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Elephants have roamed the savannahs of Africa for millions of years. They descend from a long line of ancient land mammals, making today’s elephants the remnants of a truly remarkable evolutionary radiation.

Elephant populations comprise distinct components: Cow-calf herds are usually made up of an older matriarch, her daughters and their calves. Young bulls form bachelor groups while older bulls are often seen in solitary existence.

These gentle giants are widely held to display more human-like traits than any other large mammal, and the elephant has long been acknowledged for its intelligence, strong family bonds, and complex levels of consciousness and social cohesion.

Cohesion between families and extended families or clans is the very foundation of elephant life.



Yet even though this phenomenal intelligence and social complexity is well understood, few species are as persecuted and exploited as the elephant.

Removing a young elephant from its family group is appallingly traumatic for the calf, and is as traumatic for their family groups impacting greatly on their social set up. Scientific recognition of this fact greatly informed the argument in halting elephant culling.

However the capture and removal of live young elephants from family groups persists.

This is fuelled by economic greed and a bogus, conservation rhetoric claiming over-populations amidst the lack of any scientific evidence. These dubious arguments have been the major defence by the Zimbabwe government in justifying their decision for the capture late last year of an unnamed number of elephant calves, and the export earlier this week of 24 elephant calves to a zoo in China.

There can be fewer things more distressing than removing a youngster from its family group; the resulting stress alone often leads to the death of these young elephants before they even reach their destination. For those that do survive, that trauma remains for a life time – often manifesting in mal-adjustment and anti-social behavior.

In the case of the Zimbabwe elephants, the regulatory body governing the trade in wildlife, the Convention on International Trade in Endangered Species (CITES), made it possible for this trade of elephants to China to be legal, showing an absolute lack of any welfare and ethical considerations. What’s more, no legislation to protect animals governs facilities in China.

Mechanisms which base their existence on making regulations to conserve species yet ignore the welfare of the individual animal involved need to be questioned by society together with those tasked with making them.

Lead image source: Mariamichelle/Creative Commons

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0 comments on “How Tearing Elephant Calves From Their Mothers for Captivity Impacts the Wild Herd”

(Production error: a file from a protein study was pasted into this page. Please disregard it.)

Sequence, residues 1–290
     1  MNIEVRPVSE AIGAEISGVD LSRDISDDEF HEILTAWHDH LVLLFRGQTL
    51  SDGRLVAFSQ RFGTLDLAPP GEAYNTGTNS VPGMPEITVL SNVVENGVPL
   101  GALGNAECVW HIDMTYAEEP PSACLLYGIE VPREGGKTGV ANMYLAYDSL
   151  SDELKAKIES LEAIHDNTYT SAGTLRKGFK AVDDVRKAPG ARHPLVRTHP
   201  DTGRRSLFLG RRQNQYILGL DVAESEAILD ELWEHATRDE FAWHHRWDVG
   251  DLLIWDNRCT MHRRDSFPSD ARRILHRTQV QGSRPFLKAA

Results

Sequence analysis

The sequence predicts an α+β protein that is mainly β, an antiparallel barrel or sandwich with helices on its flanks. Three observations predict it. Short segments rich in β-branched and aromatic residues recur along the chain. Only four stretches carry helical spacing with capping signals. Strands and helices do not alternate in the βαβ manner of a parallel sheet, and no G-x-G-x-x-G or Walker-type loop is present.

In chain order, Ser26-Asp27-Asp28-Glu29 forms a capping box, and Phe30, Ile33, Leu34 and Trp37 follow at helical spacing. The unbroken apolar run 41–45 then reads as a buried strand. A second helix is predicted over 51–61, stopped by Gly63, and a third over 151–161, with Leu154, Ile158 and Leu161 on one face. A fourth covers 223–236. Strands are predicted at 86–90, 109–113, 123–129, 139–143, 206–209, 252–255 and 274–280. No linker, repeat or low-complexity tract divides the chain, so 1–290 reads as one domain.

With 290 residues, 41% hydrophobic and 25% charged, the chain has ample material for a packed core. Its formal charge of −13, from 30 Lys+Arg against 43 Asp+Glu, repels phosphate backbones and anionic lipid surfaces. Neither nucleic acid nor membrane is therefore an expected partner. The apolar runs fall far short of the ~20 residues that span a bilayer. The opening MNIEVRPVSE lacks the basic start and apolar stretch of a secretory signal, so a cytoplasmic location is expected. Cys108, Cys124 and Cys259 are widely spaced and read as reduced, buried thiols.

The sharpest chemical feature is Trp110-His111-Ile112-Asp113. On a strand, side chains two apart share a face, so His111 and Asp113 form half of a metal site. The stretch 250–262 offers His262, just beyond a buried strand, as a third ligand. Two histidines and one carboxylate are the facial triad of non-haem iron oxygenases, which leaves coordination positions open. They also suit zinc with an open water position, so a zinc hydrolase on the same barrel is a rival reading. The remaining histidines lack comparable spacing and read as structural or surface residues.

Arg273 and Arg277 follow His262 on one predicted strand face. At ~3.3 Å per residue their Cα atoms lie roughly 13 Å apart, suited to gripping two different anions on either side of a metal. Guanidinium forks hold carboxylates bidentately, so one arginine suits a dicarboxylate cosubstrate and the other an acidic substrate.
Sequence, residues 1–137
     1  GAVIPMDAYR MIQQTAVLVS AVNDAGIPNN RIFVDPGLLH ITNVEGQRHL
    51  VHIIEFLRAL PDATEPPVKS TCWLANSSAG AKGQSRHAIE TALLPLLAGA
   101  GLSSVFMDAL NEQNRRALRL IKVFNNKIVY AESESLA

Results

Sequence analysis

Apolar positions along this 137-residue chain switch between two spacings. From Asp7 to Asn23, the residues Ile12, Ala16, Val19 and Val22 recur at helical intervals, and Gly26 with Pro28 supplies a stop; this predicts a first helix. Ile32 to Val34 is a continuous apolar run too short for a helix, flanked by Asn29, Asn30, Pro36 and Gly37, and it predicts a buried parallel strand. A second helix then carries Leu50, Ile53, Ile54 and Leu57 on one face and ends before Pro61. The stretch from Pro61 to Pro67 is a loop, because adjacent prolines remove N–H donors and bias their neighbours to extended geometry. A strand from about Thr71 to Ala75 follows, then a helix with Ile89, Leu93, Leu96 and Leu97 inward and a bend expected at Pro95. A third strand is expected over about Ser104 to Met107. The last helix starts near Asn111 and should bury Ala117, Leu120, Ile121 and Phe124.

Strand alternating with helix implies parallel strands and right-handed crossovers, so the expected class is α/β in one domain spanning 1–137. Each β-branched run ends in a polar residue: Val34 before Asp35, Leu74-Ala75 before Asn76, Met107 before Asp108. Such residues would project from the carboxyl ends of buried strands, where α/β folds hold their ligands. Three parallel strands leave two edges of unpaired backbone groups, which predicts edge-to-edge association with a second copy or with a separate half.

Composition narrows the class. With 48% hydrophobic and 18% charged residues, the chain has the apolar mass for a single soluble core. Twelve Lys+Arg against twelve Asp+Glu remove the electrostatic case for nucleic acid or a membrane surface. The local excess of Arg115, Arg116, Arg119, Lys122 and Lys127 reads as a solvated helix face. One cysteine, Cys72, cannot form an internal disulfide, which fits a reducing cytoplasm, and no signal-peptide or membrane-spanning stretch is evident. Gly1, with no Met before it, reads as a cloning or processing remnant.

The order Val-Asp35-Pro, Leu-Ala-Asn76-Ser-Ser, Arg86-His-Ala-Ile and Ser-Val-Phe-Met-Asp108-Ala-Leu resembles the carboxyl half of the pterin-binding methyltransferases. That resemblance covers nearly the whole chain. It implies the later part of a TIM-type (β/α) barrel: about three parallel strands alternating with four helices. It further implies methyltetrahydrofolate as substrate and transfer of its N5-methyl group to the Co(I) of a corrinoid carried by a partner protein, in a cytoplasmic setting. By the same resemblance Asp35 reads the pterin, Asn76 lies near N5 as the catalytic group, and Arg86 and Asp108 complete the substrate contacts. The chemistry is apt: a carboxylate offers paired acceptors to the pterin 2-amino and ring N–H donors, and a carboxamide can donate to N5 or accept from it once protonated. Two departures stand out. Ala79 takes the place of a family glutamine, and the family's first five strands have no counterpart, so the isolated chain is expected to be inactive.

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Jane High
2 Years Ago

May I correct the perception that CITES allowed the sale of these elephants because it was done in accordance with their regulations. Zimbabwe\'s elephants are listed under APPENDIX II therefore subject to Article IV. Article IV 2(b) clearly states that existing national law pertaining to the protection of fauna (and Flora) may be broken is a VALID export permit is to be issued.
Our authorities failed to mention that they had contravened our existing National Law known as SI 19:09 The Prevention of Cruelty to Animals Section 12(i) which gives right of entry to the Welfare Inspectors. Our inspectors were refused access to these elephants despite going physically to National Parks HQ, with appointments and waiting for hours. They also wrote letters to the DG of Parks urging that they be given access to the elephants.
The CITES annotation agreed at Resolution Conference11.20 states that the term "APPROPRIATE AND ACCEPTABLE DESTINATIONS" is yet to be fully defined. It is our contention that this cannot BE defined without reference to the National Laws pertaining to animal welfare of both the exporting and the importing countries. In our case that law is Statutory Instrument 19:09. This means that engaging of Welfare Inspectors is not a choice...it is law.

Jane High
18 Jul 2015

Correction to line 4 PARA 1 - should read : Man NOT be broken IF a valid Export permit is to be issued.

2 Years Ago

That is one of the reasons I also detest circuses!

Some points on circuses: Animals are NOT here for our entertainment. These animals are usually stolen as babies from their mothers in the wild and then brought to the U.S. and worldwide to perform ridiculous tricks. Elephants, for instance, are trained by being beaten with bull hooks (a metal apparatus resembling a fireplace poker with a hook on the end) and clubs as well as being whipped. Dancing bears only appear to dance because they have the bottoms of their feet burned so they shift their weight from foot to foot. Much of the cruelty goes on behind the scenes and spectators to the circus do not see it. Far too often, they are kept from seeing a veterinarian, even when they are having physical maladies.

Besides all of the cruelty that is attached with animal shows, circus-goers are oftentimes given the opportunity to have contact with animals which is absolutely FOOLISH! According to the Centers for Disease Control and Prevention, elephants, for instance, can carry TUBERCULOSIS and transmit it to the public, even without direct contact. Also, as we have seen numerous times before, animals that have been grossly maltreated end up going berserk and harming and/or killing people. Please do NOT patronize circuses with animals like this one. There are plenty of circuses without animals that are absolutely terrific -- I have seen them.


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